20 DEC 2016

Family Drug and Alcohol Court: an introduction

Family Drug and Alcohol Court: an introduction
Sophie Kershaw and Mike Shaw, Co-Directors of the FDAC National Unit
Mary Ryan, RyanTunnardBrown and FDAC National Unit

This is the first of a new blog in Family Law that will be coming from the FDAC National Unit staff, partners and from local FDAC multi-disciplinary teams and FDAC Judges. We hope that our blogs will provide you with information about new FDACs and developments in the FDAC model, and about the issues raised from the research into FDAC. We are delighted to have an opportunity to raise these issues with a wider audience and look forward to getting your feedback.

Just a quick recap – FDAC started as a pilot in London in January 2008, pioneered by well-known retired District Judge Nicholas Crichton. FDAC has been running ever since in London, and has slowly started spreading around England. Family Drug and Alcohol Courts (FDACs) offer an alternative approach to ordinary care proceedings. The FDAC judge holds fortnightly court reviews with parents, in addition to the usual court hearings with lawyers present. A specialist multi-disciplinary FDAC team works closely with the judge and other professionals to provide intensive treatment and support for parents wishing to turn their lives around. The principles underpinning FDAC are shared with other problem-solving courts and there is a firm focus on working positively with parents. The independent evaluation of FDAC carried out by Brunel University and funded by the Nuffield Foundation found that FDAC was more successful than ordinary proceedings in helping parents achieve abstinence from drugs and alcohol and thus enabled more children to be reunified with their parents.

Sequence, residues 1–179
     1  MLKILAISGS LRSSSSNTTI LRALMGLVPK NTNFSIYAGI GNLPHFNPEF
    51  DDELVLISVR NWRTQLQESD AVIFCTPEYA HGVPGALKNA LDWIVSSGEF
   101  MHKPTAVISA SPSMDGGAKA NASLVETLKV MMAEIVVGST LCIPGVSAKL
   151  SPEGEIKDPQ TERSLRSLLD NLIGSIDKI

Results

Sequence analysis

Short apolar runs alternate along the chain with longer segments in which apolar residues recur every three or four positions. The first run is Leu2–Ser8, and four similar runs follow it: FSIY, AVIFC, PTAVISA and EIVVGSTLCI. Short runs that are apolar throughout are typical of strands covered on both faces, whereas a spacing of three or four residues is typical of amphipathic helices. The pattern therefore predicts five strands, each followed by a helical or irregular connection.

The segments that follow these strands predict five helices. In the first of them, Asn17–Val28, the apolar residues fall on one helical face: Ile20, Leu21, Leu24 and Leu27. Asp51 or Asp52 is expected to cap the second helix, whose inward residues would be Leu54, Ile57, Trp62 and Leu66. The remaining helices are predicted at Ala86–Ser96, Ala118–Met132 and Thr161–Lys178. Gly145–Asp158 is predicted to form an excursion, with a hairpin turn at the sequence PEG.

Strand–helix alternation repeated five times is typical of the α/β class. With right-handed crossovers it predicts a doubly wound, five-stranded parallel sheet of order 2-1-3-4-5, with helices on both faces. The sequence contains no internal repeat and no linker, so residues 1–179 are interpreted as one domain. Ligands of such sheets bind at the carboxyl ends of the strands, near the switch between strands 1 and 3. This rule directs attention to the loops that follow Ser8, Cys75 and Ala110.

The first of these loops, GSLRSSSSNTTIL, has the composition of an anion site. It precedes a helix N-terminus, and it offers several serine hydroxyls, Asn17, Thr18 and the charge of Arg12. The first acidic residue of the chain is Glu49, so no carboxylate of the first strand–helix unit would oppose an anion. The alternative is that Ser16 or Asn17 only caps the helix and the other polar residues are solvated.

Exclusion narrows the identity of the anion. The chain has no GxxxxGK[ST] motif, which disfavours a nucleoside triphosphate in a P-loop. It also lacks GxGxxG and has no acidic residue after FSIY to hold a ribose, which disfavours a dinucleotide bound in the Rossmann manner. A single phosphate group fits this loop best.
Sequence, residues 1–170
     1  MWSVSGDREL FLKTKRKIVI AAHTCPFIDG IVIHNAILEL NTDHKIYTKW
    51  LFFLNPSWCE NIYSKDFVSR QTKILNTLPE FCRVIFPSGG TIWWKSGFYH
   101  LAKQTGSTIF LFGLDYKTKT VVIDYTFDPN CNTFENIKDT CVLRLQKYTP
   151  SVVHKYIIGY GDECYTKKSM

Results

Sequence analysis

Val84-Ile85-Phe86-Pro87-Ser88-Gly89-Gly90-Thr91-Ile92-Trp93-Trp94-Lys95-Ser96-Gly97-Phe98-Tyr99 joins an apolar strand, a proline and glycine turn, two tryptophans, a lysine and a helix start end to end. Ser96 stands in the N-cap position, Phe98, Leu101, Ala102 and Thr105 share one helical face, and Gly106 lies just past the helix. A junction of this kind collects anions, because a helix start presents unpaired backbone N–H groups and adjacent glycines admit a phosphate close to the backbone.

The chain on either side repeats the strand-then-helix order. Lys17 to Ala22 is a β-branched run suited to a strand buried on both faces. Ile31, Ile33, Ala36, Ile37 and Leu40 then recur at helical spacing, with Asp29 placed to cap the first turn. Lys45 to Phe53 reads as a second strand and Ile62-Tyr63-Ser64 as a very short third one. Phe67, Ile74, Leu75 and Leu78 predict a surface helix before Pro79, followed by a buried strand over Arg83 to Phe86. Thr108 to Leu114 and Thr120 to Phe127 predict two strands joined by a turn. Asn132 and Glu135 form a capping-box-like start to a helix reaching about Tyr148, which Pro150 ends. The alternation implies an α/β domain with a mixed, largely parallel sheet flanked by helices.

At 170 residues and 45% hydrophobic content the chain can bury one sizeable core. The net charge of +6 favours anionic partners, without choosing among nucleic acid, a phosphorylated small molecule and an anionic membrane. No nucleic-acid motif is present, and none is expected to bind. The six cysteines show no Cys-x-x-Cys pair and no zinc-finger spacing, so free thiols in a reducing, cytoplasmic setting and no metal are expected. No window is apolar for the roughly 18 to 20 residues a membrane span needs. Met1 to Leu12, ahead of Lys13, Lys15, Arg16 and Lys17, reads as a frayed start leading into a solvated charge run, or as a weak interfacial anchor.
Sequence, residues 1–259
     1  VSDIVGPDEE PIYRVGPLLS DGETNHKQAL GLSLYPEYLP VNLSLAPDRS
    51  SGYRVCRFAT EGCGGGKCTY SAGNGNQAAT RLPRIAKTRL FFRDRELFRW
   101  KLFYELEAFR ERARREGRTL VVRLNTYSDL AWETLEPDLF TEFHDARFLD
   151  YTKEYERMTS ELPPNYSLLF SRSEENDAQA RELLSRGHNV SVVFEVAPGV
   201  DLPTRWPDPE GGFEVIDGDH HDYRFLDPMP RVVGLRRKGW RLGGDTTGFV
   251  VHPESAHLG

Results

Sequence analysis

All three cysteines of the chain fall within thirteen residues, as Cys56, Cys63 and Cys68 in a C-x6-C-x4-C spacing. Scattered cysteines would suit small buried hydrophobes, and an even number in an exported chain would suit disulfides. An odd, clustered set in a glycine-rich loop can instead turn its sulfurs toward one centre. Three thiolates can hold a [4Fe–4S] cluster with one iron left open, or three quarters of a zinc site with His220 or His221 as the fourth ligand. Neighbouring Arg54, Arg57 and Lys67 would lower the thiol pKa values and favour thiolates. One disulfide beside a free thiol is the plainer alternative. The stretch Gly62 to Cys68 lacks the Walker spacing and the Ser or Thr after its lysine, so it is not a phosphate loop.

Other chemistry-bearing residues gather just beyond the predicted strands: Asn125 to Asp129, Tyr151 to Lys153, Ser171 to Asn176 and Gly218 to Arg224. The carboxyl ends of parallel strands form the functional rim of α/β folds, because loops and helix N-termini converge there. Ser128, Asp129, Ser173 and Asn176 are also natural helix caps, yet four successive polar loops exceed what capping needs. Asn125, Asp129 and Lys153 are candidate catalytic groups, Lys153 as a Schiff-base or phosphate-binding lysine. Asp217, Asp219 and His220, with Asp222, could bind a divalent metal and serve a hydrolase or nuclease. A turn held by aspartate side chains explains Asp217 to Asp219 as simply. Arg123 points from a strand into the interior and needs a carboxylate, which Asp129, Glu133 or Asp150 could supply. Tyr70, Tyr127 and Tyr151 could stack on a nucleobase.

More recently, two further studies by teams at Lancaster and Brunel Universities have provided positive evidence about FDAC. The first of these followed up all the FDAC and comparison cases included in the first evaluation with the addition of 50 further FDAC cases. The researchers found that 5 years after the end of the care proceedings FDAC mothers who had been reunited with their children were significantly less likely to have gone back to misuse of drugs and alcohol and that reunified FDAC families were less likely to experience disruption following the end of proceedings. The second study observed practice in 10 FDACs around the country and found that the problem-solving FDAC approach is being followed in all new FDACs, that the model in terms of court process is replicable and that judges are enthusiastic about the approach. The research findings can be accessed on the website of the Centre for Child and Family Justice Research at Lancaster University.

We are delighted that the research is showing that FDAC has a lasting effect on families where substance misuse problems are at the heart of their difficulties. We are hopeful that this will encourage more areas to think about setting up their own FDACs. This is where the FDAC National Unit is there to help.

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We are delighted that the research is showing that FDAC has a lasting effect on families where substance misuse problems are at the heart of their difficulties.  We are hopeful that this will encourage more areas to think about setting up their own FDACs.   This is where the FDAC National Unit is there to help.